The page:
This site is a personal project to scrape as many news agencies as possible and do sentiment analysis on them to produce a variety of metrics.
The sentiment analysis is performed using NLTK and Vader Sentiment. Vader produces four numbers: positivity, negativity, neutrality, and a compound score which normalizes the other 3 scores.
I actually kind of dislike the compound score because it's very polarized. I calculate a fifth score I call sentiment which is just positivity minus negativity. The result is a bit more gradated than compound, but also closer to the center of the axis [-100, 100].
The website itself (and the database) have seen a bit of migration over the past six months. It started on a Raspberry Pi 4 with a 4 terabyte external hard drive in my bedroom. After I essentially fried the Pi with a memory leak due to never closing Chromium when running it in headless mode through Selenium, I migrated to a desktop PC running headless Arch Linux, and thence to a Basic Droplet from Digital Ocean.
Right now, the site itself, and the Postgres database, are running on the droplet, while the Spiders are running on that headless Arch PC pointed at the VPS for connecting to the database. This saves me some processing time on the VPS.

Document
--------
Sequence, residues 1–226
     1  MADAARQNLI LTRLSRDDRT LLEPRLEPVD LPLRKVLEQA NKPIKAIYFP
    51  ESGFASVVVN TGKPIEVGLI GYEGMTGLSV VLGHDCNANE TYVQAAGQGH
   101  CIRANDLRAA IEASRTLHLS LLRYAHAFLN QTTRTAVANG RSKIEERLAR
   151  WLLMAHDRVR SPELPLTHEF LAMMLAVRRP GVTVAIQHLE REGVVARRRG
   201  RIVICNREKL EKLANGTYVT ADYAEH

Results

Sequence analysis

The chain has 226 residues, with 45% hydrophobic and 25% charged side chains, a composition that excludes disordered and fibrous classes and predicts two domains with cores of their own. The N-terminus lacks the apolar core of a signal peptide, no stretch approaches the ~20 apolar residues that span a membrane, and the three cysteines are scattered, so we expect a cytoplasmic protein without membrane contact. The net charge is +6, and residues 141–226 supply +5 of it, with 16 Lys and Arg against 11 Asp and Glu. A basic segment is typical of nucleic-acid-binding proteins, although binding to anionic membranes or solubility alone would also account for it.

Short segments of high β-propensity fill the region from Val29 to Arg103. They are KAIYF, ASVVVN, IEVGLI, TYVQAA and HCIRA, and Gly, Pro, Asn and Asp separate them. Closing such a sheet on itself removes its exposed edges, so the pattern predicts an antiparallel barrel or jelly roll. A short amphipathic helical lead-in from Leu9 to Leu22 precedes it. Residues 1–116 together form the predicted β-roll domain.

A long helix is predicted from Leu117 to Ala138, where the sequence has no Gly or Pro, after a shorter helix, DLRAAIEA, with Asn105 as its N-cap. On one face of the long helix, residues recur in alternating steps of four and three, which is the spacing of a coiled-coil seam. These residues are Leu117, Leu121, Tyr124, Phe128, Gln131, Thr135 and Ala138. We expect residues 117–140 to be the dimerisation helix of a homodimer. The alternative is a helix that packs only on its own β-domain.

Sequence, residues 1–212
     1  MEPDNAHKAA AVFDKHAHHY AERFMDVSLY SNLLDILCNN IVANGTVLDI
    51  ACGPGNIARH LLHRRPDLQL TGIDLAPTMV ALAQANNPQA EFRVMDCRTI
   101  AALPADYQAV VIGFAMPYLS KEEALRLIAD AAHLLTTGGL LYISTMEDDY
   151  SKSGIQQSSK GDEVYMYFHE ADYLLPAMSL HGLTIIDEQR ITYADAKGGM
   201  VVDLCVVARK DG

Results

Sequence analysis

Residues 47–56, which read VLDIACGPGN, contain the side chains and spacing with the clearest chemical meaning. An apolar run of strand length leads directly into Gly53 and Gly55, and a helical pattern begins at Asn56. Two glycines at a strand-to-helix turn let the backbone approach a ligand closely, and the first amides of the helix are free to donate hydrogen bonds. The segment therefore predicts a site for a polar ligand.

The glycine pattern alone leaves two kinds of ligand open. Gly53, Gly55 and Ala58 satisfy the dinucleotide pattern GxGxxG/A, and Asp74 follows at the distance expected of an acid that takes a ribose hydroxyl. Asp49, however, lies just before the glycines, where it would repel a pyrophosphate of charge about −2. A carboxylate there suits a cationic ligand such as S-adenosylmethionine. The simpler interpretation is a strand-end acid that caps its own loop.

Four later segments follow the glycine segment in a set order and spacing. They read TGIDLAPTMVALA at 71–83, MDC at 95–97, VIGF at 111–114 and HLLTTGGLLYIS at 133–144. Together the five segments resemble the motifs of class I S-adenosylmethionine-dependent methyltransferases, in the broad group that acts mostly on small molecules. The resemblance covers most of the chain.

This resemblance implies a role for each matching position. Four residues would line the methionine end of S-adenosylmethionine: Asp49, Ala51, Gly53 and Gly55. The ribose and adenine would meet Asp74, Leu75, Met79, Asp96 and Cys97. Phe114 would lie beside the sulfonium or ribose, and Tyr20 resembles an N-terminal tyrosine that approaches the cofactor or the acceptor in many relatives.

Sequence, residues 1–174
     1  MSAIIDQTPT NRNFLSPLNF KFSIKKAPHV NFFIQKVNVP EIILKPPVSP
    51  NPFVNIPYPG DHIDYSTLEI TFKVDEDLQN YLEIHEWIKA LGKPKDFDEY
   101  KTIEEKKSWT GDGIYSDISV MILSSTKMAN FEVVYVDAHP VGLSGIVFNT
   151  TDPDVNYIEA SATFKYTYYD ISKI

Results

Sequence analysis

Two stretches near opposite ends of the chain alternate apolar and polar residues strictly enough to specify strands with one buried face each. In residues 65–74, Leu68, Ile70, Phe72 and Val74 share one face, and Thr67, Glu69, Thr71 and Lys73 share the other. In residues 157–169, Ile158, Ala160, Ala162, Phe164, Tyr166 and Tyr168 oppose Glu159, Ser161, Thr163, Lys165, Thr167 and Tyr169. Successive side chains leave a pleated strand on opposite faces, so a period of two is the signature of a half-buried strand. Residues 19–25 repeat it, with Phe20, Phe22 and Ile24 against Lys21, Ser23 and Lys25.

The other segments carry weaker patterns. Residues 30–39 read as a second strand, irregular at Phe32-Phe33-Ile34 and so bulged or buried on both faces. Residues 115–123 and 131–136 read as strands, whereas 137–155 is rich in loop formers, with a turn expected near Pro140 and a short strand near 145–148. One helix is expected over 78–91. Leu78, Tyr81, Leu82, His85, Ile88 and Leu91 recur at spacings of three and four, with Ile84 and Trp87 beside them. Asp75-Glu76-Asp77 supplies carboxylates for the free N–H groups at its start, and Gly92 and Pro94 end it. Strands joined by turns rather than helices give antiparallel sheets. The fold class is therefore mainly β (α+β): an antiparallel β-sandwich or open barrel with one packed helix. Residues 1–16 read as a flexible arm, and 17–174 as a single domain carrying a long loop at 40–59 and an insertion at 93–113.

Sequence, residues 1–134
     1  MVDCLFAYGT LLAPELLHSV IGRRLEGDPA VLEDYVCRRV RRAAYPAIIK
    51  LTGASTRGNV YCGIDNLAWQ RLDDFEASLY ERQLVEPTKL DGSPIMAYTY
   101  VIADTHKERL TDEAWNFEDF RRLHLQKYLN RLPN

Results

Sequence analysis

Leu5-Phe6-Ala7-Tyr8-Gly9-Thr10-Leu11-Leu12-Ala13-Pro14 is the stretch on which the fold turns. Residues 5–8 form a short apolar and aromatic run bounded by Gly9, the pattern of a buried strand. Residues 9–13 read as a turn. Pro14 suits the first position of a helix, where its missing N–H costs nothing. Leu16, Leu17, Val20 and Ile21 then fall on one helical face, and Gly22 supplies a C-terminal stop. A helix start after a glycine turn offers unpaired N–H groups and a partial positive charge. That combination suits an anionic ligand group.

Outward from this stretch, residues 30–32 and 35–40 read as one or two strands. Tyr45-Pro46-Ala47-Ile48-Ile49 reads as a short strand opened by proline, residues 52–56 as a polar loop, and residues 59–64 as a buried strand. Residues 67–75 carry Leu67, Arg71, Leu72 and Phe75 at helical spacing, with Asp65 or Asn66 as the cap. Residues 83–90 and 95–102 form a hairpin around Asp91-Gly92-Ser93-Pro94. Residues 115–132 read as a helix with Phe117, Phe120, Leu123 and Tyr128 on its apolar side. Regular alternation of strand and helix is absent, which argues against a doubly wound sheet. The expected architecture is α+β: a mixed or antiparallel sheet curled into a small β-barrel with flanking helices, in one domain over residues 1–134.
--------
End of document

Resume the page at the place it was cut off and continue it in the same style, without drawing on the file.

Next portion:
The wordclouds are also generated on my local server, and archived there, but pushed via SCP in a crontab to the VPS.
All of the code is available in my repo mas-4/maudlin. Feel free to fork or submit pull requests.
For the time being I'm calling the site Maudlin, but not really doing much with it. The styling is rudimentary because I don't care about it right now.
There are some weird quirks with the sentiment.
First, Fox seems more positive I think because it's advertising heavy. I'd like to work on its scraper to eliminate that. But "Click" shows up in its wordcloud specifically because it appears so often within the text of the article with their advertising. (Update 8/11/21, I've mitigated this by adding certain stop words to the wordcloud generator, and I believe fixing the scraper itself)
I've also just flat out seen some scores I disagree with (a cheerful article that gets a bad score is not hard to recognize), but I'll have to dig into the articles more and perhaps investigate tuning the model, if possible.
Also note, neutrality is NOT a score of journalistic neutrality but basically a neutral tone. I imagine it's closer to "percentage of document that are neutral words." The result may seem strange when Breitbart appears at the top for now of neutrality.